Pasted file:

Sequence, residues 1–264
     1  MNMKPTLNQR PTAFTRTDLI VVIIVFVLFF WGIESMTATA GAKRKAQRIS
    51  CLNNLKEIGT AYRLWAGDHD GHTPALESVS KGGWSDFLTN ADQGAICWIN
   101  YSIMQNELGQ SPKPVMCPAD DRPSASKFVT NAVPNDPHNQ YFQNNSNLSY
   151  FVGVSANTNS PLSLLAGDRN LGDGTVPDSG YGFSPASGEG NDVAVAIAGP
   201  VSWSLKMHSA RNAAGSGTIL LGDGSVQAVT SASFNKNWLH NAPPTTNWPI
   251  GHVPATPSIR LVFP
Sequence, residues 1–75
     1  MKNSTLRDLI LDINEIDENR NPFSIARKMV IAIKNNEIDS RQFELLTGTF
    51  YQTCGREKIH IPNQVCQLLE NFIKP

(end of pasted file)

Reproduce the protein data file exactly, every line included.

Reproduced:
Sequence, residues 1–264
     1  MNMKPTLNQR PTAFTRTDLI VVIIVFVLFF WGIESMTATA GAKRKAQRIS
    51  CLNNLKEIGT AYRLWAGDHD GHTPALESVS KGGWSDFLTN ADQGAICWIN
   101  YSIMQNELGQ SPKPVMCPAD DRPSASKFVT NAVPNDPHNQ YFQNNSNLSY
   151  FVGVSANTNS PLSLLAGDRN LGDGTVPDSG YGFSPASGEG NDVAVAIAGP
   201  VSWSLKMHSA RNAAGSGTIL LGDGSVQAVT SASFNKNWLH NAPPTTNWPI
   251  GHVPATPSIR LVFP
Sequence, residues 1–75
     1  MKNSTLRDLI LDINEIDENR NPFSIARKMV IAIKNNEIDS RQFELLTGTF
    51  YQTCGREKIH IPNQVCQLLE NFIKP